High winds on the Trelissick estate

Fallen tree illustration by Sonia Hensler

It’s always a sad day when a great, veteran tree succumbs to a storm but it’s not necessarily the end of the road...

Recent high winds have brought down several large trees around the estate, including a majestic sessile oak that had been a familiar presence, presiding over the bowl-shaped bottom of Nanphillows field. ‘Nanphillows’ is the name given to one of the valley fields on your left as you drive along the narrow, walled road into Trelissick. Historically, Nanphillows was one, self-contained farm but all that has long-since disappeared and the area has long been a parkland field and part of the wider Estate.

On your walks around the countryside at Trelissick, you may notice a great deal of other fallen or dead trees, left where they have tumbled like arboreal skeletons, to rot down and return to the earth. You might also have wondered why we don’t gather up all this wood and turn it into logs and timber or simply tidy it away so it doesn’t clutter up the countryside. It is these questions –often heard as we are working – that have prompted us to write a series of posts on our management, and the outcomes of our management, on these hugely important trees.

The effect of high winds on a weakened tree
Fallen lime tree on Trelissick estate
The effect of high winds on a weakened tree

The above multi-stemmed lime tree was one victim of high winds. A cavity had formed within the main stem of the tree which was then colonized by a ‘white rot’ fungus. This severely weakened the tree and it subsequently collapsed in several different directions as you can see here.

It is our policy, within the National Trust, not to dismantle or remove fallen or dead trees wherever practically possible. We work hard to give each tree  a chance to re-establish, thus preserving both the provenance and the genetics of each individual which can stretch back hundreds – in some cases thousands – of years and have a great impact on the success and longevity of trees. Nowhere is this truer than in our parkland at Trelissick, which has very shallow soil and constant exposure to the saline elements of the sea, often making it difficult for imported trees to establish themselves. Seed material taken from trees that have developed and thrived over millennia in the locality will obviously have a genetic predisposition to these fairly challenging circumstances and a much better chance of survival and success.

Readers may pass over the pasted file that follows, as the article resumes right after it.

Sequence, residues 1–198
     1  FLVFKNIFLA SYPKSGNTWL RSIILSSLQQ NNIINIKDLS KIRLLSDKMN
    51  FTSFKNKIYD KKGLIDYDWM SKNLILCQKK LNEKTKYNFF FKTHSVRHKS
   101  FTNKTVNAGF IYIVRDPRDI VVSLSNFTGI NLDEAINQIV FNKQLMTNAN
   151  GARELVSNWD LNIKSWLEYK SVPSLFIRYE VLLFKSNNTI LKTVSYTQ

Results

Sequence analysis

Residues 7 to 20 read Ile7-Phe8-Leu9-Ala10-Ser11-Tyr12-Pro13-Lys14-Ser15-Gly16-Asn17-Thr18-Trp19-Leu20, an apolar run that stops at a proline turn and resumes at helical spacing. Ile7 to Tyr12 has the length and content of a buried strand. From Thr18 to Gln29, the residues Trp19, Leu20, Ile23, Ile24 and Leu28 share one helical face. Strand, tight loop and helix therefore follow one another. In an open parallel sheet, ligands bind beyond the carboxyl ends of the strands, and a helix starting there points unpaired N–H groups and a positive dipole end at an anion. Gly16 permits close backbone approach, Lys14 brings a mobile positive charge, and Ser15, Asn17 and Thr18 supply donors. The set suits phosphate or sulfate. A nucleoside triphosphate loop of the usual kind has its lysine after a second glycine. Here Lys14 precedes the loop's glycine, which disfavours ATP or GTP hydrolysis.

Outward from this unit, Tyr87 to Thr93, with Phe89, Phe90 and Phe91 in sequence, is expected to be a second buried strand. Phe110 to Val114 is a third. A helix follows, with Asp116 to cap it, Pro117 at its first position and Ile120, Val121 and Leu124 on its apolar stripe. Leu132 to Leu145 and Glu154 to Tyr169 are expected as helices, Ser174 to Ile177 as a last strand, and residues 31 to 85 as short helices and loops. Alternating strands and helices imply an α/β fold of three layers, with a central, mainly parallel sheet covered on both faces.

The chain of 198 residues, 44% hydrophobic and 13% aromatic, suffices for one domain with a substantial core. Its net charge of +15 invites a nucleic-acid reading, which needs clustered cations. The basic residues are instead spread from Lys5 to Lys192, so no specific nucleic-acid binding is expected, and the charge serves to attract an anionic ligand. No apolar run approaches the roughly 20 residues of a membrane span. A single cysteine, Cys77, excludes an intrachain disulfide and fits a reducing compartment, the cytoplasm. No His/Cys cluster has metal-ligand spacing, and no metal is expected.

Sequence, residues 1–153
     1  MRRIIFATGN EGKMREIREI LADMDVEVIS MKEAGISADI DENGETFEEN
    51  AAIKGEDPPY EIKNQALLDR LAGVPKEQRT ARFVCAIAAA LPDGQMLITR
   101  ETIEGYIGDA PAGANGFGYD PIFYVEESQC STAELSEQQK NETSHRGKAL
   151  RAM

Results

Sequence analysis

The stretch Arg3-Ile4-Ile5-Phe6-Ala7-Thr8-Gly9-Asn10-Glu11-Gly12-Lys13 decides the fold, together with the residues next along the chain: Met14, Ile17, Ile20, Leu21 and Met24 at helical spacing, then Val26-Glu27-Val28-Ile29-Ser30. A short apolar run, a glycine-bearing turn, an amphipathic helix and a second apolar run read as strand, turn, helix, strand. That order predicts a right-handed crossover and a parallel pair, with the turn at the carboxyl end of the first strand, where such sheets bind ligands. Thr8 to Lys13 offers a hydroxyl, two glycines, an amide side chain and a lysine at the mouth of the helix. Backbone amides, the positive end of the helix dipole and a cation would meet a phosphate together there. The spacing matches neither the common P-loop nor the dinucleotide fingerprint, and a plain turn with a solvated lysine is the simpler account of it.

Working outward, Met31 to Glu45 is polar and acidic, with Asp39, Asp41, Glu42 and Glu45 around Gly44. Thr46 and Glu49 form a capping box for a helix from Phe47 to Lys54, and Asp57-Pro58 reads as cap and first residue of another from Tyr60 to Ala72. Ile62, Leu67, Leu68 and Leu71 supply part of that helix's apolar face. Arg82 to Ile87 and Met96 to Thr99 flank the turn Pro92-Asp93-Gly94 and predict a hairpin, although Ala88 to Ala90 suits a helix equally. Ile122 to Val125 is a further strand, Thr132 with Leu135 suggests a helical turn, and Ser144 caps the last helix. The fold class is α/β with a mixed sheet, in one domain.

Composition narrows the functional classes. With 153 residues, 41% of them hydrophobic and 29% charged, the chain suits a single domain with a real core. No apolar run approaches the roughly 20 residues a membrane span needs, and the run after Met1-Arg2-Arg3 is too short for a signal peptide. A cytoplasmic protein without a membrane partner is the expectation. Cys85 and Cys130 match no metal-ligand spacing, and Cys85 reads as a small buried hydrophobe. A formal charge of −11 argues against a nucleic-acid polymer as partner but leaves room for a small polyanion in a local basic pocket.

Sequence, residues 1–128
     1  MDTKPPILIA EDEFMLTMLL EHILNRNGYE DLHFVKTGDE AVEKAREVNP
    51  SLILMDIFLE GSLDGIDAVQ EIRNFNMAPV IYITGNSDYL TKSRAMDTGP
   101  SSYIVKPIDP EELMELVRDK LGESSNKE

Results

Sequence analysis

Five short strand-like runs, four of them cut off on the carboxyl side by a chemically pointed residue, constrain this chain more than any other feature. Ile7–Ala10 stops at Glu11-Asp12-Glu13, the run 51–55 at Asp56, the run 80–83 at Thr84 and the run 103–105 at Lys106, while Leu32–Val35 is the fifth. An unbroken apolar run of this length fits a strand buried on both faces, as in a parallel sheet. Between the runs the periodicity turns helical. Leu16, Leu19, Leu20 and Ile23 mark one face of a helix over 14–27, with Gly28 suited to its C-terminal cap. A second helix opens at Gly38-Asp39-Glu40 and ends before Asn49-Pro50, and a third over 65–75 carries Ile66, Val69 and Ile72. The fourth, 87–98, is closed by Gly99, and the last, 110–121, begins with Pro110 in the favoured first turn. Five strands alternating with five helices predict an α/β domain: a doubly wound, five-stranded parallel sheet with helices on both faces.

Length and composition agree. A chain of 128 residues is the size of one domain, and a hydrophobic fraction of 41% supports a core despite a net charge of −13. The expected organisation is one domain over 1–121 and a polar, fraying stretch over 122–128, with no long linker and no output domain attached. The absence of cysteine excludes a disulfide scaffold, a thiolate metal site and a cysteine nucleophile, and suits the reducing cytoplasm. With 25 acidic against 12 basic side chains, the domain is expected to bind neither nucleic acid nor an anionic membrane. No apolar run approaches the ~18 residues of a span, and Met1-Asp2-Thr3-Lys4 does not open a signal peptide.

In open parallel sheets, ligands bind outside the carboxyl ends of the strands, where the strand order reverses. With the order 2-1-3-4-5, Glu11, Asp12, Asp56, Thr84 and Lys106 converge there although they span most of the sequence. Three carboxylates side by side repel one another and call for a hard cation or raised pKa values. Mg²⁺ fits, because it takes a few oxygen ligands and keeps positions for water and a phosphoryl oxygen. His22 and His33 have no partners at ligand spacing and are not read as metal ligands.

Pollarding on the Trelissick estate

Pollarding fallen trees 

This lime tree was one of the original plantings in the park, making it over two hundred years old. It came down during the storms of two years ago and, as you can see here, much of the stem was sawn up and used as a natural barricade to protect the ‘pollard’ from grazing animals. It is now growing again. If you would like to learn more about our woodland management techniques at Trelissick, previous blog posts provide further insight on our important work.

A large number of tree species, after yielding to the influence of an almighty wind, might seem shattered and broken but, from that splintered stump, they will often begin to grow again, forming a ‘pollard’ (see the photograph above). This natural occurrence retains a great deal of value for wildlife because trees, especially the older they become, offer a range of habitats within their crown, stem and roots. As well as general appeal for bats and birds, these micro-habitats might be adopted by ‘specialists’ that rely on very particular conditions. These specialists include insects, fungi, lichen, ferns and bryophytes.

Even when a tree has no chance of coming back (such as with the sessile oak mentioned earlier) we remove the less substantial ‘brush-wood’ for safety reasons and retain the framework (or skeleton, if you like) of the tree and allow it to rot down, providing habitat and sustenance for a wide variety of wildlife for the next 20-30 years.  If we were to tidy away or burn this material we would be eliminating an essential and enormously beneficial stage of the woodland ecosystem.

Sawing brushwood from a fallen beech
Rangers on the Helford saw away at a fallen beech
Sawing brushwood from a fallen beech

Several years ago, we employed a team of insect experts to survey and record saproxylic invertebrates (the scientific name given to insects that live and feed on decaying wood) at Trelissick. This team identified and recorded many examples, including several very rare species, some of which exist only here on the estate and a few other sites in Britain.

Receiving extremely affirmative records such as these is one of the highlights of our job as countryside rangers – it reinforces why it is that we carry out the work we do and gives us the belief to make decisions that shape the countryside around us.

The next blog post will shine a spot-light on these remarkably evolved dead-wood invertebrates we are so lucky to provide a home for on the Trelissick estate…

The National Trust ranger team, Trelissick and North Helford